Obinna Odogwu, Abakaliki
Nine pupils recently won amazing prizes at the spelling bee contest for pupils in public and private primary and secondary schools in Abakaliki, Ebonyi State capital.
The contest, organised by Sweetest Kiddies’ Empire, was grouped into three age brackets – six-eight, nine to 11 and 12-16 – to enable the children have a level playing ground to compete.
Nine winners emerged, as there were three winners in each of the three categories of the contest held at the Women’s Development Centre, Abakaliki.
Contestants from Redeemers International School, Abakaliki clinched the first and third positions while the second position went to Ebonyi State University Nursery and Primary School in the six-to eight age bracket.
For contestants aged nine to 11, years, Blessed Martins International School took the first and second positions, while for the contestants aged 12-16 years, the first position went to Jesus with Children Model School, Abakaliki.
Oyetunji Joy Ayomide, Prosper Amiara Ogbu, and Gamaliel Afamefula took first, second and third respectively for the age bracket of 6-8 years.
For the 9-11 years age bracket, Offia Divine Favour Chiemera, Ezechukwu Princess Chiamaka, and Chindi-Ezike Joseph took the first, second and third positions while Obetta Success Chinecherem, Chinenye Nwachukwu, and Odabe Oluebube Elizabeth took first, second and third positions for 12-16 years category.
Across board, first position winners went home with N12, 000 each; second position winners went home with N9, 000 each while the third position got N7, 000 each.
Creative Director of Sweetest Kiddies’ Empire, Mrs Nikita Ogban, said the competition was organised to help the pupils.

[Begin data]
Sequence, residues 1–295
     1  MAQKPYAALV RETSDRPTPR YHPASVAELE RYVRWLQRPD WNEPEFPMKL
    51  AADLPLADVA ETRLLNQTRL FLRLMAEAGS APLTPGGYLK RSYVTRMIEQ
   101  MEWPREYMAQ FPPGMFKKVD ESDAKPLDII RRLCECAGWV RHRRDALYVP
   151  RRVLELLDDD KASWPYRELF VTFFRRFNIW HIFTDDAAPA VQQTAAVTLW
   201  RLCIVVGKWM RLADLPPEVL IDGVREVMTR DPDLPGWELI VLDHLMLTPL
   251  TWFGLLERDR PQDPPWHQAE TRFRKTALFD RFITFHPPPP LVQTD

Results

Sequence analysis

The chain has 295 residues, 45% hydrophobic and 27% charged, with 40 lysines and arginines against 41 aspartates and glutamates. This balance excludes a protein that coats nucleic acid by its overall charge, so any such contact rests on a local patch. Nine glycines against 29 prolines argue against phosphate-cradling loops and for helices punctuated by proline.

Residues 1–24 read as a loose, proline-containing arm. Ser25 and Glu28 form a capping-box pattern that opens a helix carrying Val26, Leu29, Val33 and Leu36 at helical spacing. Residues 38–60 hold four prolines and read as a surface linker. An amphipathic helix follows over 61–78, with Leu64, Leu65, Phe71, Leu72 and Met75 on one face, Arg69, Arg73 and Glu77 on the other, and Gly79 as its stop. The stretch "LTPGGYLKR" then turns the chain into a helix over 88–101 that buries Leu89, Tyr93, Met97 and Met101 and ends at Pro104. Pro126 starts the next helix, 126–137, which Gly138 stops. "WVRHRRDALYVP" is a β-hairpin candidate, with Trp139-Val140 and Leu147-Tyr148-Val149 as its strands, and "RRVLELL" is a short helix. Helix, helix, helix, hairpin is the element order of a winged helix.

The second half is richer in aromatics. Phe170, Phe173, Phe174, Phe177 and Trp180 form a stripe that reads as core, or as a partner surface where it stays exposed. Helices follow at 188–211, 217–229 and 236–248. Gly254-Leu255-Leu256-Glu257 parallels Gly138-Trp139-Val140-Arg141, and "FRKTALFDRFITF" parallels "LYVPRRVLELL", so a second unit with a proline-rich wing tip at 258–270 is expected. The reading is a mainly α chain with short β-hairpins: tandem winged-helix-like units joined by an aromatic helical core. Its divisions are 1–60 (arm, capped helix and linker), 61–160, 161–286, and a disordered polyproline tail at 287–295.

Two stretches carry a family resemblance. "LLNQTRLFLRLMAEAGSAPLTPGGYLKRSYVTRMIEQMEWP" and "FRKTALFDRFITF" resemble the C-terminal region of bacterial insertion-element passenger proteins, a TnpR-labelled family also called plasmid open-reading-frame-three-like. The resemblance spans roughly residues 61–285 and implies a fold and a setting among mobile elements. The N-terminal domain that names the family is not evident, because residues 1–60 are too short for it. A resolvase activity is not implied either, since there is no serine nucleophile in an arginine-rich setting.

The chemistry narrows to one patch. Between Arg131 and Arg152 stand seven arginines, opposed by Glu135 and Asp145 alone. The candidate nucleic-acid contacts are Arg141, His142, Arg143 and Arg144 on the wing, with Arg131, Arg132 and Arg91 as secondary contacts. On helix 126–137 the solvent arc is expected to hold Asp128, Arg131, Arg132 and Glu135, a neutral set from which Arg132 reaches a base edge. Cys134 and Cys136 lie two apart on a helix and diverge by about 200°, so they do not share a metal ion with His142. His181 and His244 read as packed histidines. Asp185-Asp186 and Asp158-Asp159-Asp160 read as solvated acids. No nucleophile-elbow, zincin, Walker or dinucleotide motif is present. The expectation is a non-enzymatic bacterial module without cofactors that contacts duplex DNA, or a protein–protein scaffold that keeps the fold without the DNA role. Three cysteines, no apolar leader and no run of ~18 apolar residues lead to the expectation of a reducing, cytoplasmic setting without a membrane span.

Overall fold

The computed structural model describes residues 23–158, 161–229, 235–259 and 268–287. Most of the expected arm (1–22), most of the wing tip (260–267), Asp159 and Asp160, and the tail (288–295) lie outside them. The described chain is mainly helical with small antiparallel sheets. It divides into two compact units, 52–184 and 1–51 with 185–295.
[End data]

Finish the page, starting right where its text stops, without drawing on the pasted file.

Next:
Ogban said: “I have taught in both public and private schools in Calabar and Abakaliki. I realised that the Nigerian child has serious challenge with the pronunciation of words, using correct tenses in words, making correct sentences and then, most importantly, the spelling of words. They also don’t have a large vocabulary of words to pick from. So, I decided to give back to the Nigerian society.
“It is largely to build their self confidence to stand before the people and speak; to believe more in themselves.
“It is also to build their ability to store words; ability to work under pressure even as kids because as they are growing up, they will realize that life will bring in challenges and then, most importantly, how to read because a child that can spell will be able to read.
“And a child that can read will be able to understand what he or she was being taught in class and given as homework and every other thing patterning school.”
She said previous editions of the competition had been held in Calabar in 2017, Abakaliki in May 2018 and another in Calabar in November, 2018.
She said her organisation would sponsor winners of the two editions held in Calabar to a national contest in Lagos from where they would proceed to Washington DC, United States if they win the national contest.
But the winners in Abakaliki won’t have such opportunities yet. Hear her: “For the two editions I have done here in Abakaliki, I am not ready yet to send the winners to the national body. I have not really seen a strong spelling strength in those kids because I know what happens at the national spelling bee.
“The words I use here in Abakaliki, parents on the WhatsApp platform complain that the words are difficult. Only few parents caution them not to say that. That is why Ebonyi State is still backward educationally. You can’t be complaining that a child of six to eight years cannot spell a word like diagram. No, they should.
“As the competition advances, it gets tough. It can’t be the same. Then, the words I use here in Abakaliki, I bring them down. The words I use for kids of nine to 11 years in Abakaliki are the words I use in Calabar for six to eight years. So, I cannot send a child here for the national contest. That will be a waste of money because I know what that child is going to face.
Some of the winners and the parents expressed happiness over the contest and commended the organisers even as they urged that it should be sustained for the benefit of other school children.